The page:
Donate your costumes after Halloween: Some places can use your costume parts if you don’t plan on reusing them. Your local theater or school might be able to use a vampire cape for an upcoming play, so check with them before you throw your costumes away.

We hope you and your family and friends have a fun and safe Halloween this year!

EcoGear Roadtrip 2017 – Portland

Take a roadtrip with EcoGear! Our friends, Jared and Brandon, took EcoGear to 4 amazing cities along the West Coast and showed us some beautiful sights. Check out the video above to see some of them now!

First stop on our trip is Portland, Oregon. Here’s what Jared thought about his time in one of the coolest, weirdest, hippest cities around:

Growing up in Seattle I’ve always heard of Portland being described as “Seattle’s little brother”. My visit here in September certainly changed that perspective. The waterfront, the bridges, and the food trucks stole my heart very quickly. The people were very friendly, and the public transportation was fantastic. Even while visiting during the Gorge fire and having ash fall on the city, it definitely had me wanting to come back soon.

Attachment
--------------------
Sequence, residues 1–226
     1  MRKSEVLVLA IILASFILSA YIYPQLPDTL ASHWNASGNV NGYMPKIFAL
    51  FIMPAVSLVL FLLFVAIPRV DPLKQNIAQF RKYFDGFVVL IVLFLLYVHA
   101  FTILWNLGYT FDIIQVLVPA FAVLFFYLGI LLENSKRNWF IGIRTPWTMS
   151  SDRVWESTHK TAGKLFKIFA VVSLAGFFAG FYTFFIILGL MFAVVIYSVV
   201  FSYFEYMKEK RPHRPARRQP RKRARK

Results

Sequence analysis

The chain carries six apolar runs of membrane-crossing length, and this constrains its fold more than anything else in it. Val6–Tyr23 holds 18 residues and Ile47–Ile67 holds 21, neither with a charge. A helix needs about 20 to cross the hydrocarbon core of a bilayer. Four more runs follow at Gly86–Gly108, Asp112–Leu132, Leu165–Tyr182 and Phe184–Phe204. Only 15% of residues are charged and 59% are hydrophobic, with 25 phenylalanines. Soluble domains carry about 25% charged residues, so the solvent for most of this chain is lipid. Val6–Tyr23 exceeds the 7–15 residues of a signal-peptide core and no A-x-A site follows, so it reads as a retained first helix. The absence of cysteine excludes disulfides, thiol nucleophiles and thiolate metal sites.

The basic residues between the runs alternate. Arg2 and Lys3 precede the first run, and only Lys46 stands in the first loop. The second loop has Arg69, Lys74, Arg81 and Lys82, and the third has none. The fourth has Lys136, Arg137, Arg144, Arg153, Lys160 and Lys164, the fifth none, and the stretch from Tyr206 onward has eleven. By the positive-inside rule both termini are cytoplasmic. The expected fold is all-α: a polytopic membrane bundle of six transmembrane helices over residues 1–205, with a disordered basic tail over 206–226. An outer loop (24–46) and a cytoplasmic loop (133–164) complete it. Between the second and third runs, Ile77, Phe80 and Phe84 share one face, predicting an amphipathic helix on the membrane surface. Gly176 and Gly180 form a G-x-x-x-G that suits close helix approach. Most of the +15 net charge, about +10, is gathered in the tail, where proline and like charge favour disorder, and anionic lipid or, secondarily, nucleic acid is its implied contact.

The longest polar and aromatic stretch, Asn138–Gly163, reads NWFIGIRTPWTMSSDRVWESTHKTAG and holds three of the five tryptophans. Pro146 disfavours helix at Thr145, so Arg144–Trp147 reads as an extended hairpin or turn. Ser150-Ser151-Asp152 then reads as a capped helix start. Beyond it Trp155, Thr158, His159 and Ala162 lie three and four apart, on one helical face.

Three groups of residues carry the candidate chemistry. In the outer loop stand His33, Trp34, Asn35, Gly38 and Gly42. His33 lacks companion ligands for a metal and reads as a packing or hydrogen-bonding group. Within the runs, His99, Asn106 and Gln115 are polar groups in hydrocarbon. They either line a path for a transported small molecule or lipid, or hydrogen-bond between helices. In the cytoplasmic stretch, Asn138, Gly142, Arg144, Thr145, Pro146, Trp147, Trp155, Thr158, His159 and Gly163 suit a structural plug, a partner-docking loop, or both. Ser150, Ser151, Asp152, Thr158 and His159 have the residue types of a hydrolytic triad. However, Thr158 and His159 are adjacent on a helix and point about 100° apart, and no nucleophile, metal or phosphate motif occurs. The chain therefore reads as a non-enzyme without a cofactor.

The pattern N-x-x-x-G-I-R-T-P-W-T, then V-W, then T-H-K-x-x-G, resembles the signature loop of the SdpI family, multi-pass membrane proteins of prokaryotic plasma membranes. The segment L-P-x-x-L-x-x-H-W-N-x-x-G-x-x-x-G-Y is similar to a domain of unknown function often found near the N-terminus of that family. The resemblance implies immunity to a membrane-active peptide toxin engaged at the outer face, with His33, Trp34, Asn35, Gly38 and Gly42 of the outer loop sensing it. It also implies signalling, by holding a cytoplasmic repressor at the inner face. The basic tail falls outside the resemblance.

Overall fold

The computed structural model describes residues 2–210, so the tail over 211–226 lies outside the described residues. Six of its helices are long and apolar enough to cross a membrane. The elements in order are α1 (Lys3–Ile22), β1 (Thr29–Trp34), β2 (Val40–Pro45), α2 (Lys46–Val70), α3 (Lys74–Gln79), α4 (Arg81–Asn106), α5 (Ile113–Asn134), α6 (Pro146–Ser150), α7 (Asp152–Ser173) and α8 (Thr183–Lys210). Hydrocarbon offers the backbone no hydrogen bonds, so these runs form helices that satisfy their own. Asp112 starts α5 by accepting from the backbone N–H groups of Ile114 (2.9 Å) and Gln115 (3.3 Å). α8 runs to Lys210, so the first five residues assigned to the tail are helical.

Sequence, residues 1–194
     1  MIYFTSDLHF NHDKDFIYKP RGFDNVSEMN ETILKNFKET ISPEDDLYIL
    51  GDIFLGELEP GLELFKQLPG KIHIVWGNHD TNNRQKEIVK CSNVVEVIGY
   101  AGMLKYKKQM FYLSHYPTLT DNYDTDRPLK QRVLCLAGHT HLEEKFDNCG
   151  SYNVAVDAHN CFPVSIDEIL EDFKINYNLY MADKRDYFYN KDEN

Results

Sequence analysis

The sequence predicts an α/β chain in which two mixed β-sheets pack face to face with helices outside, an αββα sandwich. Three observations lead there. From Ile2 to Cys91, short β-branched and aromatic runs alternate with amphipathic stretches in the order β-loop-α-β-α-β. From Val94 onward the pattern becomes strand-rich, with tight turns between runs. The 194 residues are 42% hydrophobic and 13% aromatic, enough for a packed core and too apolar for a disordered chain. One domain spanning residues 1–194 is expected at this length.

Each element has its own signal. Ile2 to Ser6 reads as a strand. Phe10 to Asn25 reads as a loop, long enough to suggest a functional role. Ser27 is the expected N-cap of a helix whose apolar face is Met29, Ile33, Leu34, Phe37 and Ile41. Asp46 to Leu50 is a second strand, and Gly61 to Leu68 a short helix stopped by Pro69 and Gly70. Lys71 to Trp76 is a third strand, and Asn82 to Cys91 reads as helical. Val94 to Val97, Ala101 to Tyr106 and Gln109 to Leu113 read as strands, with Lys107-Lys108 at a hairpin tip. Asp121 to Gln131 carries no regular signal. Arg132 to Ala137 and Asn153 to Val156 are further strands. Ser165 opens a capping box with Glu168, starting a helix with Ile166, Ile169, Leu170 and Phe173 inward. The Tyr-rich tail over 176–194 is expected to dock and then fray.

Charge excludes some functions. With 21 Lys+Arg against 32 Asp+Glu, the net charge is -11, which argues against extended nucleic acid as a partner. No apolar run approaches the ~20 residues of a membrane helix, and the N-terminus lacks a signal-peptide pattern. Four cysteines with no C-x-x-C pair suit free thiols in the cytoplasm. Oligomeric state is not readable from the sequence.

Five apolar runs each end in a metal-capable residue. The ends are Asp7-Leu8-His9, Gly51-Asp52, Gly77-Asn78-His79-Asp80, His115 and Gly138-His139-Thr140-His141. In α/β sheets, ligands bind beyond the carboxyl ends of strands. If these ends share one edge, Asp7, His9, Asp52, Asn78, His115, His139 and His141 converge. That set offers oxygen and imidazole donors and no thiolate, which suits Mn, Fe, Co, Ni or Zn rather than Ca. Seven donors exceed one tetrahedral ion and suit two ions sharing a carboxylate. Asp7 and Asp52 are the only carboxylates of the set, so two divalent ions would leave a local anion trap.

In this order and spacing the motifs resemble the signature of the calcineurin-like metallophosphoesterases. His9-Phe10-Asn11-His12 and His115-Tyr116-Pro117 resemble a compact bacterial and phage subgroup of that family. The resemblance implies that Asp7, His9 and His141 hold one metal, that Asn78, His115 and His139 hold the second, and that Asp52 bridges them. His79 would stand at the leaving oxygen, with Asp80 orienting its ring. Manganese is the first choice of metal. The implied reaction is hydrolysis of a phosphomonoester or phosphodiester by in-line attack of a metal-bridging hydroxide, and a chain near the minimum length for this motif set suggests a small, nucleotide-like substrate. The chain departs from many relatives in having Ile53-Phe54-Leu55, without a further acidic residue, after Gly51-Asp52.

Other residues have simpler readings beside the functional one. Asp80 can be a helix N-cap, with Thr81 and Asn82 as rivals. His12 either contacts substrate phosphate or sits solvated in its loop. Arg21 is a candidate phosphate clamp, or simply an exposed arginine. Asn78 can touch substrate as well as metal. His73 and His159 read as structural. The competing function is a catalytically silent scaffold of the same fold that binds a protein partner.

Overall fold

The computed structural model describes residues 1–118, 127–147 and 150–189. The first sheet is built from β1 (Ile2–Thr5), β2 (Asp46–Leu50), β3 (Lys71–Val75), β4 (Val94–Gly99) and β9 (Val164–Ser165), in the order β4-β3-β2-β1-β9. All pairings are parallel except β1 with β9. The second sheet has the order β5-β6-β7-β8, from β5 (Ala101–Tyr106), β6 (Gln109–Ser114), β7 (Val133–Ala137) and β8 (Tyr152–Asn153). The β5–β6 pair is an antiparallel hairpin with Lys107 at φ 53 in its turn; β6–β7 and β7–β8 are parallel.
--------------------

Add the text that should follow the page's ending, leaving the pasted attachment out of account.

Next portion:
Jared

Featuring: Pika Backpack, Bighorn 17 Backpack

We are EcoGear

Photo by Jared Gunderson

Welcome to the EcoGear blog!

We started this blog to tell EcoGear’s story and the stories of planet Earth. Since 2006, our mission has been to help maintain a cleaner planet using our bags, designed carefully with the environment in mind. Our bags and backpacks are constructed with recycled fabrics, such as REPREVE fabric made from recycled water bottles, and natural materials.

Did you know that many of our bags are named after endangered species? We want to bring awareness to the critical status of these animals that may soon disappear from the planet we all share. We put the Earth first and we hope that others can join us in preserving the environment and creatures that make this planet beautiful.

Look forward to upcoming posts about green living, travel, endangered animals, and how EcoGear plans on making a positive impact on the world!